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Sen. Marco Rubio (R-Fla.), who earlier raised concerns about the order requiring Apple to write software that would let the FBI flood the iPhone with password guesses, struck a different tone on stage at the University of Houston, saying his understanding of the situation had changed.
“The only thing they are asking of Apple,” Rubio said, “is that Apple allow them to use their own systems … to try to guess the password of the San Bernardino killer.”
At a CNN town hall on Feb. 17, the day after a magistrate judge ordered Apple to write that code, Rubio appeared to accept Apple CEO Tim Cook‘s argument that the code amounted to a “backdoor,” a deliberate vulnerability in a company’s encryption. He extolled the virtues of strong encryption and said it protected people’s personal data from hackers.
“Apple doesn’t want to do it because they think it hurts their brand.”
But on the debate stage Thursday night, Rubio said that he had changed his mind after reading the response to Apple’s claims that the Justice Department filed on Friday. In that filing, the government disputed the notion that the requested assistance amounted to a so-called “backdoor” in Apple’s encryption.
“Apple initially came out and said, ‘We’re being ordered to create a backdoor to an encryption device’—that is not accurate,” Rubio said. “The only thing they’re being asked to do … [is] disable the self-destruct mode in the phone, so we can try to guess with our own systems what the password of this killer was. And I think they should comply with that, if that’s all they’re asking for. They are not asking for Apple to create a backdoor for encryption.”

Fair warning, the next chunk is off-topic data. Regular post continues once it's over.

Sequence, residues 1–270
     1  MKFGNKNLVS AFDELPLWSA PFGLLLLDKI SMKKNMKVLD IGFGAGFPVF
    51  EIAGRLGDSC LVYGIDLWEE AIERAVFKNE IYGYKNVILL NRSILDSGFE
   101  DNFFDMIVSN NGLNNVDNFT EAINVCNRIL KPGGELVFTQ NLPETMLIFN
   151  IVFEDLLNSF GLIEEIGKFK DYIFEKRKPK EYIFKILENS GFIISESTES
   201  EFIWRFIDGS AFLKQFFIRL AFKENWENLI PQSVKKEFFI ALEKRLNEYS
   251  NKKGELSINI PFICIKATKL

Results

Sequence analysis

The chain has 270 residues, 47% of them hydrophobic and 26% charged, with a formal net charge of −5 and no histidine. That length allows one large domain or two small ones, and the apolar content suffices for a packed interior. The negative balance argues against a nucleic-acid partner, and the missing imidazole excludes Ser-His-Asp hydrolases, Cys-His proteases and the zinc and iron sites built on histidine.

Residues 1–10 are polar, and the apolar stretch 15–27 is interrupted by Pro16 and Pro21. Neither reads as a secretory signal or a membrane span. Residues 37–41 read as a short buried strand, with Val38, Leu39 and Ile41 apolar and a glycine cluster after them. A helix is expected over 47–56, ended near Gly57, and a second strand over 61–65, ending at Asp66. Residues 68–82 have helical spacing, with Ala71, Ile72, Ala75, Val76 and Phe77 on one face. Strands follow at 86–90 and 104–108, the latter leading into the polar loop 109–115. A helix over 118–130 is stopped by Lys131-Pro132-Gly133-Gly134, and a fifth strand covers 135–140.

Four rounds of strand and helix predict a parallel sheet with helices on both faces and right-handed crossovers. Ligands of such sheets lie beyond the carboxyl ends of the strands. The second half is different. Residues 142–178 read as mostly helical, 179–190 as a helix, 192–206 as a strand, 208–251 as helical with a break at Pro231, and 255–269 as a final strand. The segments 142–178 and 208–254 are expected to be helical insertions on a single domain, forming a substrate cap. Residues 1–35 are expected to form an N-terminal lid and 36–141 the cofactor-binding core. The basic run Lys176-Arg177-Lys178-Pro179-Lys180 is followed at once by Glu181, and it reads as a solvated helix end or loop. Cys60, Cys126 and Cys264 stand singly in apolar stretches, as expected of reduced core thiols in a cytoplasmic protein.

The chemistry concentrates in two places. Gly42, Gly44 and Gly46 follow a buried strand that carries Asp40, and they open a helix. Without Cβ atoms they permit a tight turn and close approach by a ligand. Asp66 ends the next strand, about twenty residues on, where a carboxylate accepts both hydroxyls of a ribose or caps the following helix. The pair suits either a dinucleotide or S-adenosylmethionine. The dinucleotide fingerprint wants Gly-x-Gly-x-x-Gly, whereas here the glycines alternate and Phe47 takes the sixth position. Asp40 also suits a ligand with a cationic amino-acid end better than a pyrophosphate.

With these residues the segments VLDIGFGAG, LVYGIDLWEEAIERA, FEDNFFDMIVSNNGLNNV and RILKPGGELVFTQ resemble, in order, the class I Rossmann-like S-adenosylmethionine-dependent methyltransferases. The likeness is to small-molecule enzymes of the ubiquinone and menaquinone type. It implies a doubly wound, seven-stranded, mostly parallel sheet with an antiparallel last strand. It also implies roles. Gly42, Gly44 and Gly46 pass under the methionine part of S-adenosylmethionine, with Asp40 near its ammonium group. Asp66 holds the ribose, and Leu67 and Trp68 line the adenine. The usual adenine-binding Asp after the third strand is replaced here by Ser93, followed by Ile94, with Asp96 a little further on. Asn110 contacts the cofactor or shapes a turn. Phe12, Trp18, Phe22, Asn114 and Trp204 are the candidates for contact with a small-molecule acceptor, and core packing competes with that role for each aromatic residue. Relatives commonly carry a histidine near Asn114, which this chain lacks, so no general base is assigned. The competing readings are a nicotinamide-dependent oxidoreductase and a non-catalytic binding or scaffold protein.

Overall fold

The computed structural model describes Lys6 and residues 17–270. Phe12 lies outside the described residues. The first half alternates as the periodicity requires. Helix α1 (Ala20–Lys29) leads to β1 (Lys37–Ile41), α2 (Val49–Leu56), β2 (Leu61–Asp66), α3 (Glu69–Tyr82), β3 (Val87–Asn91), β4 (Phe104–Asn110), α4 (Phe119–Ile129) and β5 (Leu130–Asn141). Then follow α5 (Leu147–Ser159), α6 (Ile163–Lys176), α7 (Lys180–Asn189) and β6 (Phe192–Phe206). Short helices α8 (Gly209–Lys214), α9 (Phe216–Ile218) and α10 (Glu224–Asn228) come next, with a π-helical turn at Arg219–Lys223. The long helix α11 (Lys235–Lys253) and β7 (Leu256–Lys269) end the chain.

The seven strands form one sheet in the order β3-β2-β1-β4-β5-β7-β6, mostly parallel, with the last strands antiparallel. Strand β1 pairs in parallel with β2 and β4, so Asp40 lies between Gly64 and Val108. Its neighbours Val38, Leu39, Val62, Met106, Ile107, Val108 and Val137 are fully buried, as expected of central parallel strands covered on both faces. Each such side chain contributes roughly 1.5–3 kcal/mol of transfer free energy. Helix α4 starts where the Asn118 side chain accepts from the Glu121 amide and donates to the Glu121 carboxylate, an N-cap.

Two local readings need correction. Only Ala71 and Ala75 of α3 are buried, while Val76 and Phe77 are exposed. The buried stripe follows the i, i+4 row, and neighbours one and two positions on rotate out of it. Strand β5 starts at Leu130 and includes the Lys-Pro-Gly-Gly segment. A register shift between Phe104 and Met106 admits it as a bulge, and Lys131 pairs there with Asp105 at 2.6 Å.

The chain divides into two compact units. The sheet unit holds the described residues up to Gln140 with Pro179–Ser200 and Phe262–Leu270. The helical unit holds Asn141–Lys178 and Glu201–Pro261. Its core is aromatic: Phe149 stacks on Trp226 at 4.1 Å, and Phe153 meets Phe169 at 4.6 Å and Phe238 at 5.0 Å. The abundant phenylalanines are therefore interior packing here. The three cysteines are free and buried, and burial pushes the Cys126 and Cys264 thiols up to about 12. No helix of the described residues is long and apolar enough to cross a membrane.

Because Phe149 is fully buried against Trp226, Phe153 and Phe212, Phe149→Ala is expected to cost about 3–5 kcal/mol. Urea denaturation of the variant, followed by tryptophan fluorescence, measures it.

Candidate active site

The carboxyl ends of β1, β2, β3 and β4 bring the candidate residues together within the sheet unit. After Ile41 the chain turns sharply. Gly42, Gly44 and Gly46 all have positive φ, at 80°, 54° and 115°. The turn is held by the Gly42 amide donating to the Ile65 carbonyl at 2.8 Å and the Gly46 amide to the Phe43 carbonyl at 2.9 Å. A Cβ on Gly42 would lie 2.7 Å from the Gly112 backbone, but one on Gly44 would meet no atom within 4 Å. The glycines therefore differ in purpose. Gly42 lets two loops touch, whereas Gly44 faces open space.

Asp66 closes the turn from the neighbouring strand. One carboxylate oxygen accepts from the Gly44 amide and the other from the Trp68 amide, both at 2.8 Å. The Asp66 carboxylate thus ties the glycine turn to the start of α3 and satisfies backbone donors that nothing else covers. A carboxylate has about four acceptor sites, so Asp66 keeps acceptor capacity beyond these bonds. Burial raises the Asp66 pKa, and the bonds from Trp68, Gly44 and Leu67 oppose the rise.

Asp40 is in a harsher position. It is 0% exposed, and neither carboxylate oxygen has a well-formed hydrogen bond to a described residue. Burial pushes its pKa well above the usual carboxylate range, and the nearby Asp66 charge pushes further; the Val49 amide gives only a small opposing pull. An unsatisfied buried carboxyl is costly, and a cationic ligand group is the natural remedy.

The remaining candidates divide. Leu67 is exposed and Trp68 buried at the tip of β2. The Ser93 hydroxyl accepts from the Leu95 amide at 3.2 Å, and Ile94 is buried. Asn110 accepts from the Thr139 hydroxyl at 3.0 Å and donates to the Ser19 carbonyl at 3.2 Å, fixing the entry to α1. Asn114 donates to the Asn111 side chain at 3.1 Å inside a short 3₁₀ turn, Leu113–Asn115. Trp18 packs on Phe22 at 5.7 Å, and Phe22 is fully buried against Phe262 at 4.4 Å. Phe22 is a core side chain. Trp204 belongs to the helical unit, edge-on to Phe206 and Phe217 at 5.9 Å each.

Rubio also said that, if he were president, he would order the Justice Department to pursue the same strategy that it was now pursuing to gain access to the locked phone.
“Apple doesn’t want to do it because they think it hurts their brand,” he said. “But let me tell you, their brand is not superior to the security of the United States of America.”
Sen. Ted Cruz (R-Texas), who sided with the government when asked the same question at CNN’s town hall, said during the debate that Rubio was “now agreeing with me, and I’m glad.”
Cruz said he opposed a backdoor mandate—”I would agree with Apple on that broad policy question”—but he insisted that the company must comply with the specific order in the San Bernardino case.
“Apple doesn’t have the right to violate a valid court order in a terrorism investigation,” he said.
The question of whether Apple should be forced to help the FBI access the shooter’s phone is tied to a larger debate about whether tech companies should design their encryption so that they can bypass it if investigators come to them with a warrant for encrypted data.
Senior law-enforcement and intelligence officials, like FBI Director James Comey, want to require companies to do this. Technologists and privacy advocates, echoing what Rubio said during the town hall, warn that requiring this would give hackers new ways of breaking into encrypted systems and push terrorists onto unregulated foreign platforms.
“I think allowing terrorists to get away with things is bad for America,” Carson said. “Absolutely, I would expect Apple to comply. … If they don’t comply with that, you’re encouraging chaos [in] our system.”
Kasich reiterated his criticism of President Obama for not privately reaching an agreement between Apple and the Justice Department, saying, “You don’t litigate this on the front page of the New York Times.” The correct strategy, he said, was to “lock the door” until a deal was reached.
Photo via Kārlis Dambrāns/Flickr (CC BY 2.0)
Eric Geller is a politics reporter who focuses on cybersecurity, surveillance, encryption, and privacy. A former staff writer at the Daily Dot, Geller joined Politico in June 2016, where he's focused on policymaking at the White House, the Justice Department, the State Department, and the Commerce Department.